PFM.25 A NOVEL METHOD FOR BIAS-ADJUSTED META-ANALYSIS: ASSESSMENT OF THE EFFECT OF ROUTINE PROPHYLAXIS WITH ANTI-D ON THE RISK OF ISO-IMMUNISATION
G. C. S. Smith1, R. Turner2, D. Spiegelhalter2, S. Thompson2. 1Department of Obstetrics and Gynaecology, Cambridge University, Cambridge, UK, 2MRC Biostatistics Unit, Cambridge, UK
Background: Meta-analysis of data from multiple studies is an increasingly important tool in the development of clinical guidelines. However, current methods generally assess internal and external biases in candidate studies and simply exclude all studies below an arbitrary threshold.
Methods: This paper describes a novel method for bias adjusted meta-analysis. The approach is: (1) define the target question and identify all relevant studies; (2) construct an idealised protocol for each study that would be free of internal biases; (3) identify internal biases by comparing each idealised study with each actual study; (4) identify external biases by comparing each idealised study with the population in which the intervention is being considered; (5) using elicitation, obtain quantitative estimates of internal and external biases; (6) using a moment-based modelling method, estimate bias-adjusted pooled odds ratios (OR), confidence intervals and estimate of heterogeneity.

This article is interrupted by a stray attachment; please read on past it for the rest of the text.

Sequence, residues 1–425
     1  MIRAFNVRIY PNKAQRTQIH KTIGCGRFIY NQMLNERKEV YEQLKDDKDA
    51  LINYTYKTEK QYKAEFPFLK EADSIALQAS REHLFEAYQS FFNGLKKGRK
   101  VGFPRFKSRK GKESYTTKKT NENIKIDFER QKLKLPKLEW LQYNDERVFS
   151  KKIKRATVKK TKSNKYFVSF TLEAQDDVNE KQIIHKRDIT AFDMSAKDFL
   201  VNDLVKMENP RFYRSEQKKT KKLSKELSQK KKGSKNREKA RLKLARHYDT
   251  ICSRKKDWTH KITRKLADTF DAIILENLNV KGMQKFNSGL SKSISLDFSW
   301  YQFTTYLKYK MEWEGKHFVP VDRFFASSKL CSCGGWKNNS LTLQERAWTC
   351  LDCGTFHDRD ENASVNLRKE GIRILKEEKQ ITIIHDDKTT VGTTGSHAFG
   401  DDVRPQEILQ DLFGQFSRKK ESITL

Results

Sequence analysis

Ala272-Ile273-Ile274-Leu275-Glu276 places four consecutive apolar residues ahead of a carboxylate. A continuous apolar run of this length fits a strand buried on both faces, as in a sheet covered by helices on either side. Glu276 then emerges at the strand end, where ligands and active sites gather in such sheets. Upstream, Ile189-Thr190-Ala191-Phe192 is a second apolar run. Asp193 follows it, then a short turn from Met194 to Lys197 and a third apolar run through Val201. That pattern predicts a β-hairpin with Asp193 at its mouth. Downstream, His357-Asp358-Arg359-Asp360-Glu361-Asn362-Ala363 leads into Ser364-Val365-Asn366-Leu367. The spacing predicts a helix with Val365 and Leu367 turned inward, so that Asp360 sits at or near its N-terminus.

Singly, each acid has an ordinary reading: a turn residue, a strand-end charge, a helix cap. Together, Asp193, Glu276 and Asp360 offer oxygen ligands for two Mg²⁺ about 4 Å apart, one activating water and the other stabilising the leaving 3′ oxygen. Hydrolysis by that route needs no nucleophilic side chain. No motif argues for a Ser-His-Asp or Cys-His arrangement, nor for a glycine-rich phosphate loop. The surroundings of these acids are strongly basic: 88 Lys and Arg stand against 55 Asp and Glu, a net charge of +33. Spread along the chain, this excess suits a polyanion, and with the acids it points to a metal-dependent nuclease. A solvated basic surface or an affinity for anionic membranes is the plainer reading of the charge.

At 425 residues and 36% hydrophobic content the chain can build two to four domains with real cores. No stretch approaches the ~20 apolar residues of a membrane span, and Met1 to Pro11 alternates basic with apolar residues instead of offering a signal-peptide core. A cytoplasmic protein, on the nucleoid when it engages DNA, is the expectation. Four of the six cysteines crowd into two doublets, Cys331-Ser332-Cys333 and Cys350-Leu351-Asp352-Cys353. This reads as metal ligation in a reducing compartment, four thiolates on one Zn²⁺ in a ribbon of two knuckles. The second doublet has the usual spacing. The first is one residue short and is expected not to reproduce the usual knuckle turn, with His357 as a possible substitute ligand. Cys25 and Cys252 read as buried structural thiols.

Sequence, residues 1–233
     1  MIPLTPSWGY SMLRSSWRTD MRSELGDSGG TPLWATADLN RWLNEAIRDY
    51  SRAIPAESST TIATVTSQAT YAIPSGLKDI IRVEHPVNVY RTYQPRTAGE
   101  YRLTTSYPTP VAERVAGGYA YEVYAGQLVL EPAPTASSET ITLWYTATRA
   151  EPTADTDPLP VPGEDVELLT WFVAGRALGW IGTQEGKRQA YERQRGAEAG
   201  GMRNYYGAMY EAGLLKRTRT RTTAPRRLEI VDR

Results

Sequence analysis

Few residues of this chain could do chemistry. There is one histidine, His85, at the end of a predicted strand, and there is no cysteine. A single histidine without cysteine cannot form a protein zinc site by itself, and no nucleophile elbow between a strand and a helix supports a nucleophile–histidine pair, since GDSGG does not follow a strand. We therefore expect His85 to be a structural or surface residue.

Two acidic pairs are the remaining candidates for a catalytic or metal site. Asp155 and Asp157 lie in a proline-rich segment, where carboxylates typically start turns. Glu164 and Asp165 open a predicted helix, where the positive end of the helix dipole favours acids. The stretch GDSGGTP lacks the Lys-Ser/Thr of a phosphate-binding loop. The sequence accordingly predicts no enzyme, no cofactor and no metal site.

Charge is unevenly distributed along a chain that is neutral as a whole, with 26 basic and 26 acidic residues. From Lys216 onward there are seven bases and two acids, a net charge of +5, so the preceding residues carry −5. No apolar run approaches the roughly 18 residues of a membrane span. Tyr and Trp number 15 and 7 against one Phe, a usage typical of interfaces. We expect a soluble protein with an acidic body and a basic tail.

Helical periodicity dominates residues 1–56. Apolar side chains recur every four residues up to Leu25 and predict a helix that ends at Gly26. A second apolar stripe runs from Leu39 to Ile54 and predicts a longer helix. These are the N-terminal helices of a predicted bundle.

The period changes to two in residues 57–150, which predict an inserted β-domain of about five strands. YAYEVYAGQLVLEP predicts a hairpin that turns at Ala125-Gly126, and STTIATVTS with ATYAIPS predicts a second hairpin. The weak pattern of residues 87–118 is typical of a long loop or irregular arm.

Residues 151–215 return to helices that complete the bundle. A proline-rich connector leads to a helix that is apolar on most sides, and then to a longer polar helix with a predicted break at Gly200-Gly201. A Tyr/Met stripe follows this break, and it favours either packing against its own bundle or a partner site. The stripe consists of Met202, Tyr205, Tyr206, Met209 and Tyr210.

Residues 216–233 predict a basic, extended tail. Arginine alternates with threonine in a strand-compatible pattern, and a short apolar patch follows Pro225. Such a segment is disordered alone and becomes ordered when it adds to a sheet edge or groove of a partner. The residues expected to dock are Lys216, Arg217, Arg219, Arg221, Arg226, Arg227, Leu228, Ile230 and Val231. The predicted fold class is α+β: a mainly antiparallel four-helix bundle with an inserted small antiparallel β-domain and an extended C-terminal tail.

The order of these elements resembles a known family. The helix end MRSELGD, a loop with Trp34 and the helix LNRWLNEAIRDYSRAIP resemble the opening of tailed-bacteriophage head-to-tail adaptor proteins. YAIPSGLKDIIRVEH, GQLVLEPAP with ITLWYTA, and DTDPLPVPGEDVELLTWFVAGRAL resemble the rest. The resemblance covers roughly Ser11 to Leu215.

Results: This method was applied to all eight published comparative studies of routine antenatal prophylaxis with anti-D in rhesus-negative women. We assessed these in relation to routine anti-D (500 iu at 28 and 34 weeks) in the United Kingdom. The OR from a crude meta-analysis was 0.28 (95% CI 0.17 to 0.46) and this demonstrated some between-study heterogeneity (I2 = 9%). The bias-adjusted OR was 0.25 (95% CI 0.11 to 0.56) and there was no heterogeneity (I2 = 0%).